//The reverse logarithm of -1 is 0.1, which we then divide
by 10 to get 0.01//

Well, technically if the scale is logarithmic it can't cover
negative values at all. However, the stated idea was to
take the log of the number of deaths, then add 1 to it (or,
which amounts to the same thing, multiply the number of
deaths by 10 then take the log).

So, a value of 1 gives a result of 1 (log 1=0; +1 = 1....or, if
you prefer, 1x10=10, log 10 = 1). Logically, therefore, one
birth would be -1.

I recall reading about the US State Department developing
something very much like this during the cold war to
predict how the survivors of a nuclear weapons exchange
would react. I can't remember which of my 1000+ books I
read this in or which moldy cardboard box above my garage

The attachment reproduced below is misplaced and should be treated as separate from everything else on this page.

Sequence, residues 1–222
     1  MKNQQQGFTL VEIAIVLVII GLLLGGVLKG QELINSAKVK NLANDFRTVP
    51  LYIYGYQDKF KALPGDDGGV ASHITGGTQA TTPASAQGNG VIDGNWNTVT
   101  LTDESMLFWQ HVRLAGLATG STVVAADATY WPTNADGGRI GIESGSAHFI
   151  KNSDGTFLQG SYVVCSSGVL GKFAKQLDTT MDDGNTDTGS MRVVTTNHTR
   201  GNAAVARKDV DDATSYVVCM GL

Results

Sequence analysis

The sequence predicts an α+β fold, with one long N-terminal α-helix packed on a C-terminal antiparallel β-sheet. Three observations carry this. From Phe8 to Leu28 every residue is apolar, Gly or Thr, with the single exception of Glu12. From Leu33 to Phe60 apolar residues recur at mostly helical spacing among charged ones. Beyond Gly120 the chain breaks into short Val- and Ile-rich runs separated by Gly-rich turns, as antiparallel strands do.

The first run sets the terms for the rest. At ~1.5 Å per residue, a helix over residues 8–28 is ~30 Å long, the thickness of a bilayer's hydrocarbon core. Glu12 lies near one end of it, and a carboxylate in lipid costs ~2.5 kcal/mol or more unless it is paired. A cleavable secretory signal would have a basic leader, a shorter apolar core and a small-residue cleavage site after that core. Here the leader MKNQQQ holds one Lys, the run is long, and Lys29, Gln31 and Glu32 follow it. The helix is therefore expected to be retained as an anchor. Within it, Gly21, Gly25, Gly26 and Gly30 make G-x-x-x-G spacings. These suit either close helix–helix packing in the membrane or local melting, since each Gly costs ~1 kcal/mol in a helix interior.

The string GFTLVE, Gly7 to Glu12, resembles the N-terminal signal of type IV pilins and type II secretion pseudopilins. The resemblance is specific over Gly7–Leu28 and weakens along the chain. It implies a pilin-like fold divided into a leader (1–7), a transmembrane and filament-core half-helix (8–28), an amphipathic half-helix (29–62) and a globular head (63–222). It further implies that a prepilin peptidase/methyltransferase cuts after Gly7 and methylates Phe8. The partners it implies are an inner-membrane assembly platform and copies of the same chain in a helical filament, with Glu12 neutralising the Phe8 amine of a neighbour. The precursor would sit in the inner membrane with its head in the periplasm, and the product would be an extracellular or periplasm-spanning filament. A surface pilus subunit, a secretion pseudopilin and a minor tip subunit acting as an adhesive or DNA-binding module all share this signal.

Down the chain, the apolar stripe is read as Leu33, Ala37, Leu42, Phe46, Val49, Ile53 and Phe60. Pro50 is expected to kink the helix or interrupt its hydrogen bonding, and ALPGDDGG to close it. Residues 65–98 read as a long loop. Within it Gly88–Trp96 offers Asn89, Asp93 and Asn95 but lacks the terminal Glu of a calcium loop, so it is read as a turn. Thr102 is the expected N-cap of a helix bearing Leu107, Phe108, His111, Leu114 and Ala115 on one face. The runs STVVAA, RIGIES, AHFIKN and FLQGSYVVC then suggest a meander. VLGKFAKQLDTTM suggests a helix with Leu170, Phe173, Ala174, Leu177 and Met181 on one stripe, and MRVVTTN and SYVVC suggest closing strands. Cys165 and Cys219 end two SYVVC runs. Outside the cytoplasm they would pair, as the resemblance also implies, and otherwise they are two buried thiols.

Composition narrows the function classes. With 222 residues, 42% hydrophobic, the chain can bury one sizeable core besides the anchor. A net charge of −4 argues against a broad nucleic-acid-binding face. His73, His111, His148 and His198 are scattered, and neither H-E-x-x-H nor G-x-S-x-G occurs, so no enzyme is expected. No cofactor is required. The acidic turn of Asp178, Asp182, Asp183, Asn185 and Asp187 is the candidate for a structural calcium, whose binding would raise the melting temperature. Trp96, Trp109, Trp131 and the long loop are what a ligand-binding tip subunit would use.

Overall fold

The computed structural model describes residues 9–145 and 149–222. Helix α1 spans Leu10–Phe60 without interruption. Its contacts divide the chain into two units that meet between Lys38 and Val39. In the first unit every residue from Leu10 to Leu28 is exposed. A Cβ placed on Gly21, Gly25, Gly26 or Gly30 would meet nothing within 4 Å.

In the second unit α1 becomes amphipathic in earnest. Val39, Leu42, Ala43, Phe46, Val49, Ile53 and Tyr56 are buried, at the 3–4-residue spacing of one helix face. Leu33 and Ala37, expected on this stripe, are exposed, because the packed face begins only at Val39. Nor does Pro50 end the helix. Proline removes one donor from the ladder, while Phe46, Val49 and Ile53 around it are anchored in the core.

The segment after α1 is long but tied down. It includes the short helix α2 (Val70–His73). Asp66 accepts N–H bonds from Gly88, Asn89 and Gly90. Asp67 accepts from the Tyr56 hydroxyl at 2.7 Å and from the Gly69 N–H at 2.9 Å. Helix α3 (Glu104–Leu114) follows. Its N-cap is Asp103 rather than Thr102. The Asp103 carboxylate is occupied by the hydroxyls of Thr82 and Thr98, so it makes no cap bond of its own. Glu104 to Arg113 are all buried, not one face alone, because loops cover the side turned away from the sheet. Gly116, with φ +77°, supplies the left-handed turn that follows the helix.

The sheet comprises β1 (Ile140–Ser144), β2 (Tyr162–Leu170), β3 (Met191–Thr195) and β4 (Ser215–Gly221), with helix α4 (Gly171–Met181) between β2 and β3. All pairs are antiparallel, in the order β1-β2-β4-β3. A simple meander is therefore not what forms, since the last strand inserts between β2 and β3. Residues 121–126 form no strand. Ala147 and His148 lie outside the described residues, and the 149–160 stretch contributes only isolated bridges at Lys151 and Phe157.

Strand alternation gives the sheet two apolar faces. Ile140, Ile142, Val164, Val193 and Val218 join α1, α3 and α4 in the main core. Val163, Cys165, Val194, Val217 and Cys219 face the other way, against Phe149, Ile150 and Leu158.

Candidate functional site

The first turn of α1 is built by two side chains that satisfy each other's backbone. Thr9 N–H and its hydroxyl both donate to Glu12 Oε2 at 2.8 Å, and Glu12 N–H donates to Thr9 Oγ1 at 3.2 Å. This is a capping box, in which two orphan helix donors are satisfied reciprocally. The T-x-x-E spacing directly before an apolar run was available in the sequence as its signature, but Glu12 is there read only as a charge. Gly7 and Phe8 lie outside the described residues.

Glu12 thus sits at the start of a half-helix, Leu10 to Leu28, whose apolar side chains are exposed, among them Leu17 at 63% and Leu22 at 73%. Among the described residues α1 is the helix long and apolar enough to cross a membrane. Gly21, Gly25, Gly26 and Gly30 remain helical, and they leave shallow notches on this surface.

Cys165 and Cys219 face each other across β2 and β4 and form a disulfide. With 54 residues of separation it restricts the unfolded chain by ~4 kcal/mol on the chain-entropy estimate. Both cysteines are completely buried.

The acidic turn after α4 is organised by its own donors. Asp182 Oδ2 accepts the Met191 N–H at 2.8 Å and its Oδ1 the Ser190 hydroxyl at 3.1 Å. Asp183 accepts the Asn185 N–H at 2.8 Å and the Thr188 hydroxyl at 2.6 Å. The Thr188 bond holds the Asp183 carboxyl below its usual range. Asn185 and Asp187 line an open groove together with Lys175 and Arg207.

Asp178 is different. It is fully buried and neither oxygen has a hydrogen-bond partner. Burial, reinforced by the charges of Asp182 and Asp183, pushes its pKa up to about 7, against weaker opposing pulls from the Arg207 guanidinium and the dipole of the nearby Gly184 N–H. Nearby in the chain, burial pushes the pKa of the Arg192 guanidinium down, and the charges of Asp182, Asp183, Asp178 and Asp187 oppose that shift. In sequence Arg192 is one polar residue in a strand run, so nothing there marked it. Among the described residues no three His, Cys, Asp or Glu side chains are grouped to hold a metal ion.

contains said book, so unfortunately I cannot be more
specific at this time (Google, predictably, was of no help
whatsoever).

Does anyone know what I'm talking about? If not, please do
what you usually do and completely disregard my anno.

//So, a value of 1 gives a result of 1 (log 1=0; +1 = 1....or, if you prefer, 1x10=10, log 10 = 1). Logically, therefore, one birth would be -1.// - but you're just using the logic for calculating the value on this scale equivalent to a number of deaths and sticking a minus sign in front of it. That's not what a negative logarithm means on this scale. If someone suffers a nasty knock on the head, for example, equivalent to 1% of a death, then the number of deaths is 0.01, the logarithm of (0.01) is -2 and so the value on the scale is -1.

I'm not sure the log10 thing helps, it keeps the numbers low, but as others have pointed out, this packs in pretty much everything short of global catastrophe in at <5.